Roger Olson is Correct; “Traditional” Southern Baptists are NOT Arminians

A Commentary
by Dr. Adam Harwood on Article 2 of
“A Statement of the Traditional Southern Baptist
Understanding of God’s Plan of Salvation”

Dr. Olson,

Thank you for considering “A Statement of the Traditional Southern Baptist Understanding of God’s Plan of Salvation.” Your comments in your June 4 post [1] have alerted Christians outside of the Southern Baptist Convention to this important discussion on soteriology that is emerging within the SBC.

I have read, and hold a deep appreciation for, two of your books surrounding this topic, Arminian Theology: Myths and Realities and Against Calvinism. They are careful, thorough works. Thank you for your contribution to this field of study.

Your post attempts to link the Statement in question with both Arminianism and Semi-Pelagianism. In this reply, I will address the significant challenge facing your post, which is your faulty assumption concerning the group of Baptist signatories.

Before proceeding, I request a clarification. If you are linking this Statement with Semi-Pelagianism (a heterodox view) and if the Statement reflects the views of the majority of Southern Baptists (which is the claim of the signers), then several questions emerge: Are you claiming that the document does not reflect the majority of Southern Baptists? If so, what is your evidence for such a claim? Are you claiming that the signers of this Statement (hundreds of Baptist pastors, professors, and denominational leaders) have attached their names to a heretical document? If so, then please be clear in your remarks because that would be an astounding claim. Perhaps you have in mind another possibility. Please clarify.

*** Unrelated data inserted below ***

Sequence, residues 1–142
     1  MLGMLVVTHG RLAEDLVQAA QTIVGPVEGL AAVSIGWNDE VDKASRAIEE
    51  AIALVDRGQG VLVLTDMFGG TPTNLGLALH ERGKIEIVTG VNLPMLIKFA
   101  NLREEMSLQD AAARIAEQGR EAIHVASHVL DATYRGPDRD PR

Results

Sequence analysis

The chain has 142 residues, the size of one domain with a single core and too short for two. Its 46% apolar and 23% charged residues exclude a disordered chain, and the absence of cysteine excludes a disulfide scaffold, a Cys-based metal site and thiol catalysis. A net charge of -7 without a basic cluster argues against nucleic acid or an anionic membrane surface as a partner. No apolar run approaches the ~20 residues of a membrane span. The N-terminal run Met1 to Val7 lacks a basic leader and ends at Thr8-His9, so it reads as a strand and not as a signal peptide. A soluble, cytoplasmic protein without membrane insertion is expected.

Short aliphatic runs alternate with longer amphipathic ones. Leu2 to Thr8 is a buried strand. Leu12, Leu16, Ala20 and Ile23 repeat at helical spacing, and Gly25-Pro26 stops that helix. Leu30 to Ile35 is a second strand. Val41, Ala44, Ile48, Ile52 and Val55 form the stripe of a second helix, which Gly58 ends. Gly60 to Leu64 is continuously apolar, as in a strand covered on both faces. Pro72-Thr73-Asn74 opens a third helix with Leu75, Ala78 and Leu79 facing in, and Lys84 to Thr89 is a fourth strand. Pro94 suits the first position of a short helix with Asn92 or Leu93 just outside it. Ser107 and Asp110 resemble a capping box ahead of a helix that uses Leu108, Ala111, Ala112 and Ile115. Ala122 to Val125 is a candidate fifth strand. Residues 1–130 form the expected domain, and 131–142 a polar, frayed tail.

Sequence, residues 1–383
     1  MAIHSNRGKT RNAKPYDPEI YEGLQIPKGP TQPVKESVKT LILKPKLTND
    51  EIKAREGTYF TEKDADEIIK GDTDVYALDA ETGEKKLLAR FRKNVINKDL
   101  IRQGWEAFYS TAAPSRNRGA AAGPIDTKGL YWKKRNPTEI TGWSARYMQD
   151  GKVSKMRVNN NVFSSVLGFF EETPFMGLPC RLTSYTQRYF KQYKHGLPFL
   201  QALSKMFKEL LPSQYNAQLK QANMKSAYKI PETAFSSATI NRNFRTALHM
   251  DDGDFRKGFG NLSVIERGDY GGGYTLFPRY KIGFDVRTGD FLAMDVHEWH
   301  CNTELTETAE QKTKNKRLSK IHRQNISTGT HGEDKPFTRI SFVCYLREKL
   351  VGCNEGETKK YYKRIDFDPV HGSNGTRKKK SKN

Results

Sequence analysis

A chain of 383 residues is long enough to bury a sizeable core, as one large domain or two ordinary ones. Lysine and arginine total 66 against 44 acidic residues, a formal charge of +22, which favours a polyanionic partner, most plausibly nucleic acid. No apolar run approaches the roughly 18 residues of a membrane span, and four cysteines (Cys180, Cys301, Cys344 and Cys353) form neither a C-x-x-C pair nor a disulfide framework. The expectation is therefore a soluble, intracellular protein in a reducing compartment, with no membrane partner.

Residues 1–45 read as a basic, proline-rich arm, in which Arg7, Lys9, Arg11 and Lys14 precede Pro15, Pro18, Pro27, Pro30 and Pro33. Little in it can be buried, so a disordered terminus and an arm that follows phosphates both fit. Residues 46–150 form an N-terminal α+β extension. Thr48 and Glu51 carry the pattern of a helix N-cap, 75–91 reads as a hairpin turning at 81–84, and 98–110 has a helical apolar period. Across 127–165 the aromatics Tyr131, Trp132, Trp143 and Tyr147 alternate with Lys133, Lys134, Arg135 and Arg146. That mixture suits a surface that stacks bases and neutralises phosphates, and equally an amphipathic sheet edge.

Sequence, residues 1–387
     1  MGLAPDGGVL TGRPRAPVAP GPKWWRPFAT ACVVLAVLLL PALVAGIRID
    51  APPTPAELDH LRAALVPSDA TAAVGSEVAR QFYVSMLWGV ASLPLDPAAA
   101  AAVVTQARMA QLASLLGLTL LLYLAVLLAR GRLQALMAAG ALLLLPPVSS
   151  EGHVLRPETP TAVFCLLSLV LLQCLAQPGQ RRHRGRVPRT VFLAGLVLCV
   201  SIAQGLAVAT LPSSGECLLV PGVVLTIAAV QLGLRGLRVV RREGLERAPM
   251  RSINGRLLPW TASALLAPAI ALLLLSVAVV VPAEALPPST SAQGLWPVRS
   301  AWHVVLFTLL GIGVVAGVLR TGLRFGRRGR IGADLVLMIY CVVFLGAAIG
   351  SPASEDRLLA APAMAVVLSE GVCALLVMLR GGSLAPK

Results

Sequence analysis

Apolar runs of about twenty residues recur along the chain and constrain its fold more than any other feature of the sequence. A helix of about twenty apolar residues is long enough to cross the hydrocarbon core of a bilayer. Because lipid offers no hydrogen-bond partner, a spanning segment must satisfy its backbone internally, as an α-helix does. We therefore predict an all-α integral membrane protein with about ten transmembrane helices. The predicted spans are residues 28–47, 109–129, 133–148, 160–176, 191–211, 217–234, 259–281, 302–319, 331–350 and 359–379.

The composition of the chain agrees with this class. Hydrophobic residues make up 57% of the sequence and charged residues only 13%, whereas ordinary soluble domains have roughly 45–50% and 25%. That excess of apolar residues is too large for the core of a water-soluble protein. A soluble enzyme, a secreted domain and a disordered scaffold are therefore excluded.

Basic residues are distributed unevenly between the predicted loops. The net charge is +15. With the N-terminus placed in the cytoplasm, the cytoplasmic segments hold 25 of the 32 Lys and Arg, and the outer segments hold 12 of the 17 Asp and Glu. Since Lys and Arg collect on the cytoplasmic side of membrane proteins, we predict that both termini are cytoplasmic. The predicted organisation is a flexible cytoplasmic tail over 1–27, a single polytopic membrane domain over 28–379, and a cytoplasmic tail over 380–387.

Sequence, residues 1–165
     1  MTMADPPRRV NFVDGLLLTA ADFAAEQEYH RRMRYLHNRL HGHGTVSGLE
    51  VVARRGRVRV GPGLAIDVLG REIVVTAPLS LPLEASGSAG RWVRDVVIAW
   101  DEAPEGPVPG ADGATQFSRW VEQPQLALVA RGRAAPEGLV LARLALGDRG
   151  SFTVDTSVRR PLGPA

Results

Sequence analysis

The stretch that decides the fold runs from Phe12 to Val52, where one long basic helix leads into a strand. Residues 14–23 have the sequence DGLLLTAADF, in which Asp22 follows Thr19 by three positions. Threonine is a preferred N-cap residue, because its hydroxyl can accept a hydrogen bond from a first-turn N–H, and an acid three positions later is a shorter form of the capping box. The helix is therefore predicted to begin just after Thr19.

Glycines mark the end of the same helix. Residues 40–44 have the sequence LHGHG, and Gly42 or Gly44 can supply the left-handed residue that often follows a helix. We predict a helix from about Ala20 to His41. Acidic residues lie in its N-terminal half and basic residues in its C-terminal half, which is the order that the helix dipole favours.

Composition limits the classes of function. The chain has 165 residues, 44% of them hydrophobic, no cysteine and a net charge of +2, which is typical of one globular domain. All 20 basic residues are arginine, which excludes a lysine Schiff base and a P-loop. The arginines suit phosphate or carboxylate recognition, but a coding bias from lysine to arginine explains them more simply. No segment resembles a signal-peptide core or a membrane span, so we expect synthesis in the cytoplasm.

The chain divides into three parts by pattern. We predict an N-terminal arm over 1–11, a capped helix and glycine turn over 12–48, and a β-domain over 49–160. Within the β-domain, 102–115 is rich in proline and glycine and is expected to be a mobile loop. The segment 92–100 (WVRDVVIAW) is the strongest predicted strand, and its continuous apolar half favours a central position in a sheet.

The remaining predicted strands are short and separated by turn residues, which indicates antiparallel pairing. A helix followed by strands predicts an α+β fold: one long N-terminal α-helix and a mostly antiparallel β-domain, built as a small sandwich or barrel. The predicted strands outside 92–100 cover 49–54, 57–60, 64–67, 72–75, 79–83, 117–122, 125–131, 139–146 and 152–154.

The faulty assumption which undergirds your post is that this group is unknowingly committed to Arminian theology. In your view, the group that affirmed this Statement is comprised of (to borrow a phrase from Karl Rahner) Anonymous Arminians.

In recent years, several Southern Baptist theologians have attempted (apparently with little success) to explain that a rejection of Calvinism does not necessarily entail a commitment to Arminianism. (Consider as an example the book you cited, Whosoever Will.) This newly-released Statement is yet another attempt by a segment within the SBC to declare that they are neither Calvinists nor Arminians but Baptists. [2]

Happily, your incorrect assumption serves to make our case. Thank you.

What is my evidence for such a claim?

First, after quoting Article 2 (“The Sinfulness of Man”), you write, “A classical Arminian would never deny that Adam’s sin resulted in the incapacitation of any person’s free will.”

Precisely! We assert a biblical-theological claim which would not have been made by classical Arminians. The reason is simple. We’re not classical Arminians. We’re “Traditional” Southern Baptists.

Second, you explain that for us to defend against the charge of semi-Pelagianism, we must affirm the “cardinal biblical truth” of “the necessity of the prevenience of supernatural grace.”